We hear a lot in the news today about tests for Covid-19. Tests for the virus. Tests for the antibodies. Serological tests that require a blood sample. Nasopharyngeal tests where a nurse sticks an antiseptic swab up your nose and tells you, “Don’t worry, it will just feel like I am tickling your brain.” (It actually does not feel that bad. Really. I swear. It’s mildly uncomfortable at most, and it’s over in the flashiest of flashes.)
In this article, I shed some light on the biostatistics terms used to describe the accuracy of a test. And I show you how to use SAS Studio to find sensitivity, specificity, associated confidence limits, positive predictive value, and negative predictive value. Check out other articles in this series as well: SAS Helps You Understand Disease Spread: Part 2 Biostat Concepts in the Time of Coronavirus and Network Analysis in SAS Visual Analytics: Part 3 of Biostats in the Time of Coronavirus.
First of all, let’s acquaint ourselves with the fact that there is no perfect test. Every test when conducted on a large number of people likely returns at least some false positive and some false negative results. But the ideal test minimizes both false negatives and false positives.
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For a general example, let’s assume 2100 people are tested to see if they have a certain disease. 100 actually do have disease and 2000 do not have disease. This shows a prevalence of disease among those tested of 4.7% (100/2100).
Prevalence most commonly refers to the prevalence of the disease in the population as a whole. For your purposes, that population might mean your county, your state or province, your country, or some other group of interest to you. Imagine that these 2100 people are actually representative of your full population. In reality, often people who are tested often are NOT representative of the population as a whole. But let’s assume for this example that the 2100 people are representative of the whole population. In that case, the prevalence of the disease in the general population would also be 4.7%.
We can look at sensitivity and specificity (using the columns of this two by two table).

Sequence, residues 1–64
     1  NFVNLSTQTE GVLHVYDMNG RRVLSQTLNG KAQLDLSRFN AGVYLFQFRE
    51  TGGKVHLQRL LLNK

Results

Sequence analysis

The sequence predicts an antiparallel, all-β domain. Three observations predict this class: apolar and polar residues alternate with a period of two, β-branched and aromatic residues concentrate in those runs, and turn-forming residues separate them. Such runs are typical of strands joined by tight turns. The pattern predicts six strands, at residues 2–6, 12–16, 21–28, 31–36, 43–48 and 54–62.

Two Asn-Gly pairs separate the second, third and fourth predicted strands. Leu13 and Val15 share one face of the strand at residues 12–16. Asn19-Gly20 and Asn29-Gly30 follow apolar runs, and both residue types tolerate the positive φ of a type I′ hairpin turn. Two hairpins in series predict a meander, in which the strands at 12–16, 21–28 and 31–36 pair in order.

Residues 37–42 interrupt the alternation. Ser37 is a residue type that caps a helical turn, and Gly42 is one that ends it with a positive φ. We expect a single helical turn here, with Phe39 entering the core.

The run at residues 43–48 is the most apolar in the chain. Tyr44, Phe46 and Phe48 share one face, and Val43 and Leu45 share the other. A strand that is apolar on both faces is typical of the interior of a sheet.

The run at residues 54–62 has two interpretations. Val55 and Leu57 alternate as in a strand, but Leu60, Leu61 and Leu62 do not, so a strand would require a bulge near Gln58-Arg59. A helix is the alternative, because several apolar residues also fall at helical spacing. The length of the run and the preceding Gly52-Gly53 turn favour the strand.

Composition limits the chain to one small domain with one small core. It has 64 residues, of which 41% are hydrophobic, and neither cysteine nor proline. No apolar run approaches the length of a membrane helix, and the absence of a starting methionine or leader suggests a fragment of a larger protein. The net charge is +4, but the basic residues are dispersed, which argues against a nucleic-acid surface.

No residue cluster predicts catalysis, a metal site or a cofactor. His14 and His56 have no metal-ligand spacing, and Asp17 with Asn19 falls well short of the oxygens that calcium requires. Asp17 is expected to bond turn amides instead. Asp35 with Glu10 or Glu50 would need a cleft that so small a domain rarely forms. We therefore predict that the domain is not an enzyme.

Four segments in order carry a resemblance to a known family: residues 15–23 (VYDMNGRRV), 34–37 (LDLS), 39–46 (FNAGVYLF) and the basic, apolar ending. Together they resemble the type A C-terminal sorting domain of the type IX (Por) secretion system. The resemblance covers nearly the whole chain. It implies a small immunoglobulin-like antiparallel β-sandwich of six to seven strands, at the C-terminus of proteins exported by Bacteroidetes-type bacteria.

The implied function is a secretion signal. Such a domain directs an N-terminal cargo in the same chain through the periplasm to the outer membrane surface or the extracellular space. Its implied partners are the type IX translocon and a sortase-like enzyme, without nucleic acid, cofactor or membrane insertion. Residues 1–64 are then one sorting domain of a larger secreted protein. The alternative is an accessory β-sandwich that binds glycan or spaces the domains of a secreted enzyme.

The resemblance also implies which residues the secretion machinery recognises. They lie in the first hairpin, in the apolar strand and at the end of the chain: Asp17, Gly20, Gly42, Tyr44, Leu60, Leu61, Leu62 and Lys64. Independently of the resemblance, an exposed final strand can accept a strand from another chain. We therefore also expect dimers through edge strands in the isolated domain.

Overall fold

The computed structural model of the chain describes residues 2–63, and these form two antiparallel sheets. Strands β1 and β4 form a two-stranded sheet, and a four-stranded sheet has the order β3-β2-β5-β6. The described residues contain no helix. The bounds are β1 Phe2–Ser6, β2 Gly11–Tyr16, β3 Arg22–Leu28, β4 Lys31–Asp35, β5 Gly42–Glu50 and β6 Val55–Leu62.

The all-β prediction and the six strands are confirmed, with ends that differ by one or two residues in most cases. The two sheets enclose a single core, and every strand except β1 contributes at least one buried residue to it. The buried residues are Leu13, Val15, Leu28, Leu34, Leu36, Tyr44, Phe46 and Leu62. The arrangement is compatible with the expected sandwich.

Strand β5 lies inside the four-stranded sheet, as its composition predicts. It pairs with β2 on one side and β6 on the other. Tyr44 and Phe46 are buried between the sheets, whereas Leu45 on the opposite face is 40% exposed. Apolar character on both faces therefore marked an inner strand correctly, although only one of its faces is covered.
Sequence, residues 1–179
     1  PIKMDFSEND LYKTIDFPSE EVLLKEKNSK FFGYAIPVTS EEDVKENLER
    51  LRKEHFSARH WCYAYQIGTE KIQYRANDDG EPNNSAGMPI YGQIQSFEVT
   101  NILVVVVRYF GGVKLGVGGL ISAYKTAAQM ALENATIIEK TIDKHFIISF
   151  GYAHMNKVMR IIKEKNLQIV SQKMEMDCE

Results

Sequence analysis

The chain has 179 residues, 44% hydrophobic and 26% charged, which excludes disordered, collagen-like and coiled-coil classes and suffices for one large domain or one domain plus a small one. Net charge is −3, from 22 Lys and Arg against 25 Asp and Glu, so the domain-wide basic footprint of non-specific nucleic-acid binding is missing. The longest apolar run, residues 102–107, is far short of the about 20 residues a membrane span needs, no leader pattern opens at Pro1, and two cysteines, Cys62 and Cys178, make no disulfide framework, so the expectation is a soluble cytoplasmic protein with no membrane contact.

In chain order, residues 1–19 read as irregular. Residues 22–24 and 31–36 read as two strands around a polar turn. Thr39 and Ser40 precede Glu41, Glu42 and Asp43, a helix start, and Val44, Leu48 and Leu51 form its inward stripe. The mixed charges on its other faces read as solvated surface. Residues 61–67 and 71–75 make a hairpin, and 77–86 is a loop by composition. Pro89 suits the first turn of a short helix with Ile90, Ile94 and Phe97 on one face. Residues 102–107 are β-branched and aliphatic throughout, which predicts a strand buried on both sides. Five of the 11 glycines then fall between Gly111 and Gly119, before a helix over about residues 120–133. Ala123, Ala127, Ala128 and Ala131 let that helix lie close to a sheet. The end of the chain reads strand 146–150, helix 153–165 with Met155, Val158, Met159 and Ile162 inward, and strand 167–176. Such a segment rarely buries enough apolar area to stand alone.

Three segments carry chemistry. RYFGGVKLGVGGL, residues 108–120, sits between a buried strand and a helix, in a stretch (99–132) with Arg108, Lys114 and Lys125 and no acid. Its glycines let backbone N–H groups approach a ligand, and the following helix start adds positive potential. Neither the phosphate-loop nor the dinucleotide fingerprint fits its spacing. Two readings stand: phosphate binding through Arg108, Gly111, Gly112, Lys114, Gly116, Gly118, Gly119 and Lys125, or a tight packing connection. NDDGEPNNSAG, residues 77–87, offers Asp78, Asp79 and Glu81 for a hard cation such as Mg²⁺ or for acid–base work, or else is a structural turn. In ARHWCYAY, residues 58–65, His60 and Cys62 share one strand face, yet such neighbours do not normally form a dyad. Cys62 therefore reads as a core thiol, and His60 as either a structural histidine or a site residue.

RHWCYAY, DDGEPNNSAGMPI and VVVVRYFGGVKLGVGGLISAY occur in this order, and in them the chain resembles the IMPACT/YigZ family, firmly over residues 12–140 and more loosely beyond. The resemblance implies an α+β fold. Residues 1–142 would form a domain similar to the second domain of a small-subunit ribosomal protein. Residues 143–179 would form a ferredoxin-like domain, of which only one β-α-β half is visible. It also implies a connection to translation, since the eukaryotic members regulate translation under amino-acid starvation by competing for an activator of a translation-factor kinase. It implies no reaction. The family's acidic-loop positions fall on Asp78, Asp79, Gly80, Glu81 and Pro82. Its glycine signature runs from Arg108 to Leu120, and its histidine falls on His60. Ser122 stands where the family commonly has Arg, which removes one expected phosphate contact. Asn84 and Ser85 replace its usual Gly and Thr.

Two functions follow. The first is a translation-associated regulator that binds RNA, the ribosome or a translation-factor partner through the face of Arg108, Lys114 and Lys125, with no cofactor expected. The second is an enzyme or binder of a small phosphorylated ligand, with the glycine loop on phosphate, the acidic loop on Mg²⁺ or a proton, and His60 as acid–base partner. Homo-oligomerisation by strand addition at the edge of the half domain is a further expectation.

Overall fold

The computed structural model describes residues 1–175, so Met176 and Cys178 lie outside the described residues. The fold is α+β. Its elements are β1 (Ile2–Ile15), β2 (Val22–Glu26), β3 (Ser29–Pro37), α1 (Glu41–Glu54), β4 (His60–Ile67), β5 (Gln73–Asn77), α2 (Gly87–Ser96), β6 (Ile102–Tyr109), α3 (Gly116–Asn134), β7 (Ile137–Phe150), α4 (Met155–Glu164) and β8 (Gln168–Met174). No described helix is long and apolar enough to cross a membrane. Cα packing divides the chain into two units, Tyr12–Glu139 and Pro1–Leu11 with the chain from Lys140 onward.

Or we can look at positive predictive value and negative predictive value (using the rows of this two by two table).
A highly sensitive test means that there are few false negative results, and thus fewer cases of disease are missed.
False negatives can have dire consequence in the case of a potentially debilitating or fatal (but treatable) disease. In these cases, the individual may not get the care or treatment they need. Worst case scenario, they could die.
A highly specific test means that there are few false positive results, and thus fewer people are wrongly told they have the disease.
False positives are of the most concern when they are used for decisions such as highly invasive additional testing or highly invasive treatment. For example, a false positive for a malignant brain tumor that suggests brain surgery is needed would be a big problem.
The ideal test minimizes both false negatives and false positives, and thus has both high sensitivity and high specificity. However, no test is 100% correct.
PPV and NPV of a test depend heavily on the prevalence of what that test is intended to detect. At present, we don’t know the prevalence of SARS-CoV-2 antibody positive individuals in the U.S. population nor in the world. Prevalence can change based on the duration the virus is in the country and the effectiveness of mitigations. And can vary widely between locations and between different groups of people, such as health care workers, due to different rates of infection. So Positive and Negative Predictive values (PPV and NPV) are calculated using sensitivity, its specificity, and an estimate of the prevalence of SARS-CoV-2. Because all tests return some false positive and some false negative results, test results should be informed by other relevant information, such as clinical history or other test results.
IMPORTANT! Estimates of sensitivity and specificity are estimates. They include 95% confidence intervals. The more samples used to validate a test, the smaller the confidence interval becomes, meaning that we can be more confident in the estimates of sensitivity and specificity provided.